Congress’ usage of the phrase “on the basis of sex” confirms this commonsense conclusion. Even within Title VII of the Civil Rights Act of 1964 itself, Congress used the phrase “on the basis of sex” as a shorthand for discrimination “on the basis of such individual’s sex.” Specifically, in ensuring that Title VII reached discrimination because of pregnancy, Congress provided that “[t]he terms ‘because of sex’ or ‘on the basis of sex’ include, but are not limited to, because of or on the basis of pregnancy, childbirth or related medical conditions.” 42 U.S.C. § 2000e(k); cf. California Fed. Sav. & Loan Assn. v. Guerra, 479 U.S. 272, 277 (1987) (describing how Congress amended Title VII to specify that sex discrimination included discrimination on the basis of pregnancy). The reference to “on the basis of sex” in this provision must refer to Title VII’s prohibition on discrimination “because of such individual’s … sex,” suggesting that Congress used the phrases interchangeably. §2000e—2(a)(1). After all, Title VII’s general prohibition against discriminatory employer practices does not use “[t]he terms ‘because of sex’ or ‘on the basis of sex.’ ” It uses only the phrase “because of such individual’s … sex.” Ibid.

    This Court has also consistently used the phrase “on the basis of sex” as a shorthand for on the basis of the claimant’s sex. See, e.g., United States v. Burke, 504 U.S. 229, 239 (1992); Meritor Savings Bank, FSB v. Vinson, 477 U.S. 57, 64 (1986). Thus, for a disparate-treatment claim to be a claim of discrimination on the basis of sex, the claimant’s sex must have “actually played a role in [the decisionmaking] process and had a determinative influence on the outcome,” Hazen Paper Co. v. Biggins, 507 U.S. 604, 610 (1993). Cf. Teamsters v. United States, 431 U.S. 324, 335, n. 15 (1977) (“ ‘Disparate treatment’ … is the most easily understood type of discrimination. The employer simply treats some people less favorably than others because of their race, color, religion, sex, or [other protected trait]”).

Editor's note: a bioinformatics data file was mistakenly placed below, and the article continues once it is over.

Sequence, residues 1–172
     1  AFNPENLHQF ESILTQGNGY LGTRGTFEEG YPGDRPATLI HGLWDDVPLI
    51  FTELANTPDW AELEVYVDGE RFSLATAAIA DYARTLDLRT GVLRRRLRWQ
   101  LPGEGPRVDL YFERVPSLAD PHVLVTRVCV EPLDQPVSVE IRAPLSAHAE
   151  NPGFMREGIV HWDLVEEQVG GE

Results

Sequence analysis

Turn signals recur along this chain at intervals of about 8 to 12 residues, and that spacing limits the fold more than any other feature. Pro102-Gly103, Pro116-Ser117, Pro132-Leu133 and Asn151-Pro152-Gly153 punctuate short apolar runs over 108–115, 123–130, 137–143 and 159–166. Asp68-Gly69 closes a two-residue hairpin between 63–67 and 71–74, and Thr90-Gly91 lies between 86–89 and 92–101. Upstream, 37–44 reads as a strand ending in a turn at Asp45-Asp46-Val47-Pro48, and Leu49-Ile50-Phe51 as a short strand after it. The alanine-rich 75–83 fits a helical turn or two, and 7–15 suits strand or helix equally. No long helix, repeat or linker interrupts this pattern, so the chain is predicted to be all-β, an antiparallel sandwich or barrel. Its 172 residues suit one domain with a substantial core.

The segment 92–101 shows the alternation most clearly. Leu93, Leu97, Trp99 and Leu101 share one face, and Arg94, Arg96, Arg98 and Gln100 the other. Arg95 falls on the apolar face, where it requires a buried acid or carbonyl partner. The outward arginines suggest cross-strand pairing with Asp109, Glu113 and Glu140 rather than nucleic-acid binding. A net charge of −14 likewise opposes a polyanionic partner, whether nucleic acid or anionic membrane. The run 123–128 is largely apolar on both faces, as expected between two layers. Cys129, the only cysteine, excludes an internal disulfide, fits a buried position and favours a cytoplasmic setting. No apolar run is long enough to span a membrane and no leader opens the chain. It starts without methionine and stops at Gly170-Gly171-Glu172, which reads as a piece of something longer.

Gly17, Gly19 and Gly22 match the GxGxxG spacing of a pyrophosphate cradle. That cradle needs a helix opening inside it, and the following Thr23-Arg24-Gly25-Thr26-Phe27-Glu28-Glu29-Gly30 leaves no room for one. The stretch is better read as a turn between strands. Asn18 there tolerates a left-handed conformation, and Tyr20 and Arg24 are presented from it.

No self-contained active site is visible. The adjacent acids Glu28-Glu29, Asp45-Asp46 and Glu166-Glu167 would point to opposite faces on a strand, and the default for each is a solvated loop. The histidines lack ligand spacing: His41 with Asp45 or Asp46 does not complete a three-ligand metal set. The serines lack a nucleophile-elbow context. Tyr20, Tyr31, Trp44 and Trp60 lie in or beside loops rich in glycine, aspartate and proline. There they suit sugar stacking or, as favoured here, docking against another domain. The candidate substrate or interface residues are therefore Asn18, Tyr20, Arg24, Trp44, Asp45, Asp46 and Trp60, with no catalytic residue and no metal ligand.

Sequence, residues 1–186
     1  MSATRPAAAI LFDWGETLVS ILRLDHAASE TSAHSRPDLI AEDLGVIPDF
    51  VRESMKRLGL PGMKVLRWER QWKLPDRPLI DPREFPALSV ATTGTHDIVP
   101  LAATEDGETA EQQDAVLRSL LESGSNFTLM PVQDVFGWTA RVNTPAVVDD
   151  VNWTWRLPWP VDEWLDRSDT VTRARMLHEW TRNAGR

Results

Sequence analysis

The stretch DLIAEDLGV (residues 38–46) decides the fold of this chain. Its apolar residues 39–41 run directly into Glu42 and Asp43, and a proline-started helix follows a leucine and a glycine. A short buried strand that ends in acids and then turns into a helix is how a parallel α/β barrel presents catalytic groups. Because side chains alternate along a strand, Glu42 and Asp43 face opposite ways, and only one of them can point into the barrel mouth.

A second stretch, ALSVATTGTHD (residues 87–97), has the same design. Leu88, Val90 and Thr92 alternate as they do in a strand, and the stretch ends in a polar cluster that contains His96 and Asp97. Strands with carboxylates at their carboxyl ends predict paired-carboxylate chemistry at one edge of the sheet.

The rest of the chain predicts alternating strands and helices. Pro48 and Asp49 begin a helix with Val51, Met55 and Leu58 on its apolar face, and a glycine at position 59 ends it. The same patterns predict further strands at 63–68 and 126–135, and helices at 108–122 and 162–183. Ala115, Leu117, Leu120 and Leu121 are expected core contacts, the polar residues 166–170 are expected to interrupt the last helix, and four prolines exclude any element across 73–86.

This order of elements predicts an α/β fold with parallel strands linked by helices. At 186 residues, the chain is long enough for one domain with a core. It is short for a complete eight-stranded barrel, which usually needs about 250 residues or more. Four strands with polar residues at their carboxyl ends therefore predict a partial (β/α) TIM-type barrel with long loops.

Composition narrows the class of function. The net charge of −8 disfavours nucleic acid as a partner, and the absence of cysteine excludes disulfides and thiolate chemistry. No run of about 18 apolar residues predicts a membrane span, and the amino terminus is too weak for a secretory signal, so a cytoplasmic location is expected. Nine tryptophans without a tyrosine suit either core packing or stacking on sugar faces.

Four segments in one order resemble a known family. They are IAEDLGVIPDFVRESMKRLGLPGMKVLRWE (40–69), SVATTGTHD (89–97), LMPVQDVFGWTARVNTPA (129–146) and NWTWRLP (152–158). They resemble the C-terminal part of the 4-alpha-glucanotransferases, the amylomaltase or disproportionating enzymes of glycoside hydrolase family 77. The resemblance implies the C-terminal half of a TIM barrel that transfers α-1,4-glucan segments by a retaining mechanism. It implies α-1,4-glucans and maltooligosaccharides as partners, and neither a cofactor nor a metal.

Jackson’s assertion that the Birmingham Board of Educaton (Board) retaliated against him fails to allege sex discrimination in this sense. Jackson does not claim that his own sex played any role, let alone a decisive or predominant one, in the decision to relieve him of his position. Instead, he avers that he complained to his supervisor about sex discrimination against the girls’ basketball team and that, sometime subsequent to his complaints, he lost his coaching position. App. 10—11. At best, then, he alleges discrimination “on the basis of sex” founded on the attenuated connection between the supposed adverse treatment and the sex of others. Because Jackson’s claim for retaliation is not a claim that his sex played a role in his adverse treatment, the statute’s plain terms do not encompass it.